184.108.40.206. Collecting nectar from honey bees
Honey bee foragers collect nectar from flowers. This nectar is stored in their impermeable crops for transfer back to their hives. The crop can greatly expand for storage and it has been shown that workers can carry crop loads close to their own body mass (Nicolson, 2008). By inducing bees to regurgitate, full nectar loads can be collected (Roubik and Buchman, 1984; Roubik et al., 1995; Nicolson and Human, 2008; see the BEEBOOK paper on methods for behavioural studies (Scheiner et al., 2013) for the latter method).
- Capture honey bees visiting flowers on the plant of interest or at the entrance of hives on their way back from nectar gathering.
- Compress the thorax of individual bees gently dorsoventrally to obtain nectar to induce regurgitation of the content of the honey stomach (Roubik and Buchman, 1984). This should be done within 10 min of capture, to prevent the honey bee using her stomach load as fuel.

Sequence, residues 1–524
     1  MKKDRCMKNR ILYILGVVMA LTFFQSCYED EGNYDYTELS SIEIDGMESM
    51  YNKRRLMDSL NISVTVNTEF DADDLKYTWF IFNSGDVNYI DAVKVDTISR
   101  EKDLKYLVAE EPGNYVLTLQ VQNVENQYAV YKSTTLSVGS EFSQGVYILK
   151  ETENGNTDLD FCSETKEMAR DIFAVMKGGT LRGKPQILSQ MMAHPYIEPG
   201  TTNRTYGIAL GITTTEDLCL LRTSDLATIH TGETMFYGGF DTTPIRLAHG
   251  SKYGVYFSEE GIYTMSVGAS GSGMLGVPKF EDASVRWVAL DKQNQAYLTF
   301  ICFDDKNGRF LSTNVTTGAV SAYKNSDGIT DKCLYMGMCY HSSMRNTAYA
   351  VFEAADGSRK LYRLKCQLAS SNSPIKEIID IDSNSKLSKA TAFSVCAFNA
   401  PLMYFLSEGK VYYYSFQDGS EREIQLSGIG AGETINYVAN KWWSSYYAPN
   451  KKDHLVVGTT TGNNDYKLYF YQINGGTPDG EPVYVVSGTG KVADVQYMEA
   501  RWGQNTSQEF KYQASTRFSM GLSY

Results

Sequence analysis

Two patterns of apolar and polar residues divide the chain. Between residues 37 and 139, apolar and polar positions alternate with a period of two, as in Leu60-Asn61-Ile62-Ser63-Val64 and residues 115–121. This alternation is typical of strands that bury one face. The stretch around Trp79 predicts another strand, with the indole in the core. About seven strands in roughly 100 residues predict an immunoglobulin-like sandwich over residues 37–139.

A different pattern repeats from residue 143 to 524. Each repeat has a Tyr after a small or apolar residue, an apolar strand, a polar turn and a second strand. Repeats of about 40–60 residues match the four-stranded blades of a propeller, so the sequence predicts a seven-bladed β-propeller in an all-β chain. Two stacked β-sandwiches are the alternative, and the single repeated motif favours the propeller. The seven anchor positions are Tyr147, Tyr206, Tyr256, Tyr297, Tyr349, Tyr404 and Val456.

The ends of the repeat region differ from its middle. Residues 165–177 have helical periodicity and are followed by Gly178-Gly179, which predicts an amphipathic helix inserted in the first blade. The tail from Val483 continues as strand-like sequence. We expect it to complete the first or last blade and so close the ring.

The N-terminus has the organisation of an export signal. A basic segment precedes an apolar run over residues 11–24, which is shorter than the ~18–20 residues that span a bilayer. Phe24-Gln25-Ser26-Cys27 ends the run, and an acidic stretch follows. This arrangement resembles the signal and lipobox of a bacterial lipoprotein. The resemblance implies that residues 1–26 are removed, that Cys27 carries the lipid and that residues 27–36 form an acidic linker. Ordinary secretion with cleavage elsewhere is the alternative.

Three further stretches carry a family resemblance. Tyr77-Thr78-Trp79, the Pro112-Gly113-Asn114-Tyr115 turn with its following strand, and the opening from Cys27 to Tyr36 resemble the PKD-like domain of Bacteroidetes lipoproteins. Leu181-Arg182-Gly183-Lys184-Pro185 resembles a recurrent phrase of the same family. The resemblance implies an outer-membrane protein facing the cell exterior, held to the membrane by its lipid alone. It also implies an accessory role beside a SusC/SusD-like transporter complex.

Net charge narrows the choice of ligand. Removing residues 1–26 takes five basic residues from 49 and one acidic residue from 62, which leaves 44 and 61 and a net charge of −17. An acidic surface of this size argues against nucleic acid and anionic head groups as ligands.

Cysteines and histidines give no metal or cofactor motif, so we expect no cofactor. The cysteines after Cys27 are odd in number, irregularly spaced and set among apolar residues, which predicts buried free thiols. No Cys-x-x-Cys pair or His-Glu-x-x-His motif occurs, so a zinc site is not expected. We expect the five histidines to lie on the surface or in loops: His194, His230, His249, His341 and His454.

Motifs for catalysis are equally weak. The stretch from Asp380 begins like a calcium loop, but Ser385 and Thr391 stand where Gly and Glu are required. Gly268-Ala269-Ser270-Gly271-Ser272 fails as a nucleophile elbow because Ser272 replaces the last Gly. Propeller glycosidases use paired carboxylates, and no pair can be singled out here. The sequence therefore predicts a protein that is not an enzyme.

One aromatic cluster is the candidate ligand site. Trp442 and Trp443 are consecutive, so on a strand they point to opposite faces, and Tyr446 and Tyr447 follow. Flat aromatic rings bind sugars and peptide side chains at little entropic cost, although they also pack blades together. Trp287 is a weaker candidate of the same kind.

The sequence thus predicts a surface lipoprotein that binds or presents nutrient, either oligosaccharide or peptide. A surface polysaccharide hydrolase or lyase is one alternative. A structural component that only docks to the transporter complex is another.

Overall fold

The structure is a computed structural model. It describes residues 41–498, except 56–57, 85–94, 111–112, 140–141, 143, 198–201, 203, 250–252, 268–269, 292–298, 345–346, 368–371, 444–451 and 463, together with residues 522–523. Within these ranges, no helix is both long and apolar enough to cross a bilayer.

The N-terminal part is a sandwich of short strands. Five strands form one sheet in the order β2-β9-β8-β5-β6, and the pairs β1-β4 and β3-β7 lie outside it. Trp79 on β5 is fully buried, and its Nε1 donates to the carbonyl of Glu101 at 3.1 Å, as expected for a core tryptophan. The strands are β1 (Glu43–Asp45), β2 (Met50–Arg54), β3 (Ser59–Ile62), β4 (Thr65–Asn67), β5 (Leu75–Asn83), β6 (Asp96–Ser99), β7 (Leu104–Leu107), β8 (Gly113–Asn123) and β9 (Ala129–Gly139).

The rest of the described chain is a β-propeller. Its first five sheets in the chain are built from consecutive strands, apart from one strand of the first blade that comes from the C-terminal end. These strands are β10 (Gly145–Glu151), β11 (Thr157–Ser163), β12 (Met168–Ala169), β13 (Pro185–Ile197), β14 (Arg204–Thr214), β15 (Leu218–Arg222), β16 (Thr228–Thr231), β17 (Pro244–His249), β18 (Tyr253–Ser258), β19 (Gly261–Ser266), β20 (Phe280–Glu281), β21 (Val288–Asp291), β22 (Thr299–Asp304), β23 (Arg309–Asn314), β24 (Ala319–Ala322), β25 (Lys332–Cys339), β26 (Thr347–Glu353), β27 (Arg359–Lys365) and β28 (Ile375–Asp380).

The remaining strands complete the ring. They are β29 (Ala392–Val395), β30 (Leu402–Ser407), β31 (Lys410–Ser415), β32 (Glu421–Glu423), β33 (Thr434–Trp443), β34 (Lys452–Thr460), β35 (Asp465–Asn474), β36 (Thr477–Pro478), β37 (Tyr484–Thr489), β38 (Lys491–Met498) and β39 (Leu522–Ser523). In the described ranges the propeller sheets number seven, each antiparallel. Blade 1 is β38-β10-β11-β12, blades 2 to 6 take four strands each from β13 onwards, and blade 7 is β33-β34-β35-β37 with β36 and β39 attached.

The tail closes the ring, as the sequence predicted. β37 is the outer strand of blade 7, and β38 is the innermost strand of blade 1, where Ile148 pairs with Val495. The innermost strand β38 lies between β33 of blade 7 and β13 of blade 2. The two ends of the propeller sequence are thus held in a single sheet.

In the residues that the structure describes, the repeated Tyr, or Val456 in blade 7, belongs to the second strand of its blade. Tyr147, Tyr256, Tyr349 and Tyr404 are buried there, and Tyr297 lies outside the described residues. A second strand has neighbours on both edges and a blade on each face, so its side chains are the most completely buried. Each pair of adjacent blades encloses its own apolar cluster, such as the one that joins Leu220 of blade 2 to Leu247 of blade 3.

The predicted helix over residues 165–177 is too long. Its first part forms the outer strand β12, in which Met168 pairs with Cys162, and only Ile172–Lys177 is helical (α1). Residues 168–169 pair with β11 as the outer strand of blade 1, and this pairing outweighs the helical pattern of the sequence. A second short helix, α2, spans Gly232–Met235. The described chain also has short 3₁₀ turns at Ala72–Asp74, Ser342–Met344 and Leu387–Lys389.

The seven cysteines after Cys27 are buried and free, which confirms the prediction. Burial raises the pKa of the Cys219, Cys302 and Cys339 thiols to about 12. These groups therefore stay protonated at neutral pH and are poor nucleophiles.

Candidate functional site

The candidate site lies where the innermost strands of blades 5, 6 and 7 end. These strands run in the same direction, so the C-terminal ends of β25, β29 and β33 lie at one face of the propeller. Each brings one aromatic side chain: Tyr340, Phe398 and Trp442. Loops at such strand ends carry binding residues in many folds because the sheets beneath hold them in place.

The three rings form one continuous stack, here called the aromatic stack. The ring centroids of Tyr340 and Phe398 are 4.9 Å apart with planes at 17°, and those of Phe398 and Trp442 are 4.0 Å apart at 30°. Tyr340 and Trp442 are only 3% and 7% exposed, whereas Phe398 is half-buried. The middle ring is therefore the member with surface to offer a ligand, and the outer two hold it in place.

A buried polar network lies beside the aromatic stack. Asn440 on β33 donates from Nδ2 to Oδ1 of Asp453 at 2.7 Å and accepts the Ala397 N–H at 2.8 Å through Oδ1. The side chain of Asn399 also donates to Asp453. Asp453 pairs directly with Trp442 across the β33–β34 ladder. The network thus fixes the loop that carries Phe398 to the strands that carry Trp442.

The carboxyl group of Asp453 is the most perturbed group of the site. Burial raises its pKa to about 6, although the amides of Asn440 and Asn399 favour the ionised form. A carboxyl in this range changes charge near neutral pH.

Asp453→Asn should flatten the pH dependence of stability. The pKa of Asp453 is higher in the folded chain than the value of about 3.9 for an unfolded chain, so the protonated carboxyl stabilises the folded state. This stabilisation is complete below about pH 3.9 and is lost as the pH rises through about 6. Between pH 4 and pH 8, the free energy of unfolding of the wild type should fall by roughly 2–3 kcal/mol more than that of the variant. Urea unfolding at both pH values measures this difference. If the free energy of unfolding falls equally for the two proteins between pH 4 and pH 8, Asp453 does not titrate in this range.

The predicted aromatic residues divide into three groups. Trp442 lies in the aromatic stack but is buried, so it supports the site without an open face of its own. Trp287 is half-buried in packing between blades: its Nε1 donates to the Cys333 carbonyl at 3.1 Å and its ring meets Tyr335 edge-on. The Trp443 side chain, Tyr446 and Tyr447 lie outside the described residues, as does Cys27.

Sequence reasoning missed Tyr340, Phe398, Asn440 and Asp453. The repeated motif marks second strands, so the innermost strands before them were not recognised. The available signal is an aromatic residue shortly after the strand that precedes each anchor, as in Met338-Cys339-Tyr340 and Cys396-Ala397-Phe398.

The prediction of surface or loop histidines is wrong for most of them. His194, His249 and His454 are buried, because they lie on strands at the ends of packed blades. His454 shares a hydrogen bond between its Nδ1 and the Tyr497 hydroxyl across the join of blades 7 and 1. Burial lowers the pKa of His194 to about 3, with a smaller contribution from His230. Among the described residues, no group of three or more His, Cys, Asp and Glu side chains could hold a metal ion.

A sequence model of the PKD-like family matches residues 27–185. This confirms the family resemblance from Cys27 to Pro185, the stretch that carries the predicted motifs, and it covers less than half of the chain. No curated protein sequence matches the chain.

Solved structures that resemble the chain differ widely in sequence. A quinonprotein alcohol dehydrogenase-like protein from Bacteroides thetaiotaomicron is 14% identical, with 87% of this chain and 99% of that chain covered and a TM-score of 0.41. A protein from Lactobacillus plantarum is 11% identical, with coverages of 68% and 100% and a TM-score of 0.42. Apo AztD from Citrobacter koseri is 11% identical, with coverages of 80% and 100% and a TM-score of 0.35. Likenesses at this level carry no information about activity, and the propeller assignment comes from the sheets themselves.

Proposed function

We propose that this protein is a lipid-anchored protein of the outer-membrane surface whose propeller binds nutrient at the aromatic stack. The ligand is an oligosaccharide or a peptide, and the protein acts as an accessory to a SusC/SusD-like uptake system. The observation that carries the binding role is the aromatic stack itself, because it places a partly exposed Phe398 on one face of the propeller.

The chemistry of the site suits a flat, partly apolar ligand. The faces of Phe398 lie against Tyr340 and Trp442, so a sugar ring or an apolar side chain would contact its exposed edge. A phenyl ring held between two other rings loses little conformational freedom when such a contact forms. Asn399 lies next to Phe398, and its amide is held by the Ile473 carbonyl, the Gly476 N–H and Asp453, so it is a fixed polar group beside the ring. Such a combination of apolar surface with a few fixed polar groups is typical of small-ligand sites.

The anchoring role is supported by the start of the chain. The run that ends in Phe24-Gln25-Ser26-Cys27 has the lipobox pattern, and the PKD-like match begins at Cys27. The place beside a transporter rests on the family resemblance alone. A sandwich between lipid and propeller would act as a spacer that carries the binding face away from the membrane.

- Collect the liquid nectar from the mouthparts in micro capillary tubes through capillary action.
- Measure nectar volume.
Volumes (µl) are determined from the column length in micro-capillary tubes (length 75 mm/75 ml).
- Measure nectar concentration with a pocket
refractometer (e.g. Bellingham and Stanley Ltd, Tunbridge Wells, UK) by placing a drop of nectar
onto the prismatic surface of
the refractometer (through capillary action). Concentration is measured as %
w/w sucrose equivalents.
- Bees are not killed.
- Non-invasive method as far as the hive is concerned.
- Honey stomachs
may contain nectar from the hive used as fuel for flight, which could dilute
the nectar collected (Roubik
and Buchmann, 1984; Nicolson and Human, 2008).
- It has been shown that nectar concentration can be changed during flight back to the hive (Nicolson and Human, 2008).